"Cranford" is likely the best known novel of Victorian author Elizabeth Gaskell. The novel follows the day-to-day social lives of a group of upper-middle-class women in the small, fictional town of Cranford, England. Rather than having a strong narrative, the novel delivers a tableau of social goings on that illuminate the characters and their lives. These stories are told largely through the eyes of a younger lady (Miss Mary Smith) who often visits from a nearby town. The ladies of Cranford are not rich, but wealthy enough to belong to a certain social strata, and much of the comedy derives from their careful considerations of who to include and exclude at various social gatherings. Miss Matty is essentially the main protagonist, and she is a basically kind woman if a bit miserly, especially when it comes to candles. She and her friends typically look to the most prominent member of Cranford female society, Miss Jamieson, and then assiduously follow her lead. Unfortunately, Miss Jamieson is sometimes rather narrow-minded, unlike the other ladies, which creates certain socially awkward situations.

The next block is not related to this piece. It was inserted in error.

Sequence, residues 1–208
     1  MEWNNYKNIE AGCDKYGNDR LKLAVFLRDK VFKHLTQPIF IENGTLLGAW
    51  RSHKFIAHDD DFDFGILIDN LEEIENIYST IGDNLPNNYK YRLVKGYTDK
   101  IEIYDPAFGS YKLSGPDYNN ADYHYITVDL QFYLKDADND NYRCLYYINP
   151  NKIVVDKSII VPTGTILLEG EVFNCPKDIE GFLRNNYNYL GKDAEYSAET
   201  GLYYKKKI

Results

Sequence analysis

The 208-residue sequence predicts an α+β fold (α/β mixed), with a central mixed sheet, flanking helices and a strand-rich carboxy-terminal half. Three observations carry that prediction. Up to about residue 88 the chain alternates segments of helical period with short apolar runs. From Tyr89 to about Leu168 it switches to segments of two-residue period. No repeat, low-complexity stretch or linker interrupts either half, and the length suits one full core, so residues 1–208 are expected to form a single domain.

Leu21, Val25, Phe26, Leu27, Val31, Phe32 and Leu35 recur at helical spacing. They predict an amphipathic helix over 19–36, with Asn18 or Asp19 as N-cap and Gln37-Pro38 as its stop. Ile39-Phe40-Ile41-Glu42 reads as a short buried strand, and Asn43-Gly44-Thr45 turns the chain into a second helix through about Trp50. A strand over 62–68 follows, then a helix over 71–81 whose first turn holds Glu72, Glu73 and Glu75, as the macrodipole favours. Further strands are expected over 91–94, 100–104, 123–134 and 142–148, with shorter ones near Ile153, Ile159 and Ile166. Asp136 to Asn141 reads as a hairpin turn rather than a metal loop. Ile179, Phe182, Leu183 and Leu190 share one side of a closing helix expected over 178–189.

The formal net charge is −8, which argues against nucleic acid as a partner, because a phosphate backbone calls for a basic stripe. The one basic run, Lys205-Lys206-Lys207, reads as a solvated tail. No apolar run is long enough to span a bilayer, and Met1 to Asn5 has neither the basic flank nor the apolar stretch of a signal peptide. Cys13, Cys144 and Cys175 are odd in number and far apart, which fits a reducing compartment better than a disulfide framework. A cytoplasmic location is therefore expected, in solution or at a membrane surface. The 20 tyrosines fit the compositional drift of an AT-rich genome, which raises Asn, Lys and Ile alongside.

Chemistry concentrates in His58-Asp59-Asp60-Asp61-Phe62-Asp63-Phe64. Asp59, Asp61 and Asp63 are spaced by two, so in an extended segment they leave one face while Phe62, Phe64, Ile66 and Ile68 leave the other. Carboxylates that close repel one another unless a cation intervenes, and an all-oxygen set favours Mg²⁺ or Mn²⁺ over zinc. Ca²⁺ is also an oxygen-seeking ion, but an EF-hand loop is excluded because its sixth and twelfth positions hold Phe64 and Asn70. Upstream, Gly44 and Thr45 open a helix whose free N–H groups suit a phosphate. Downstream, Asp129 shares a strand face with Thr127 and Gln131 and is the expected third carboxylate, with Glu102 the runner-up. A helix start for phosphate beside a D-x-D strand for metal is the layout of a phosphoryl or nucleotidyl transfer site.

This enjoyable novel may seem a bit meandering to some readers, given that there is not a main narrative thread. The novel was originally published in serialized form in "Household Words" (edited by Charles Dickens), which may partially help explain its lack of a strong plot. Indeed, the 2007 BBC mini-series versions of "Cranford" included stories from several of Gaskell's other novels. However, the stories here all add up to a devastatingly accurate picture of small town life and the sometimes vicious yet amusing ways in which people in them behave. Gaskell clearly understood human nature, and readers are likely to recognize many truths about human foibles in her stories. I found myself laughing and touched often.

Note: This review is for the Kindle version. The text is well-arranged and does not contain any noticeable errors, although there are lots of spaces in between section and subsections (which actually makes reading easier). This version has no extras, such as a biography of Gaskell or an introduction to the text; however, such materials are so easily available on the internet now that this exclusion is not a major debit.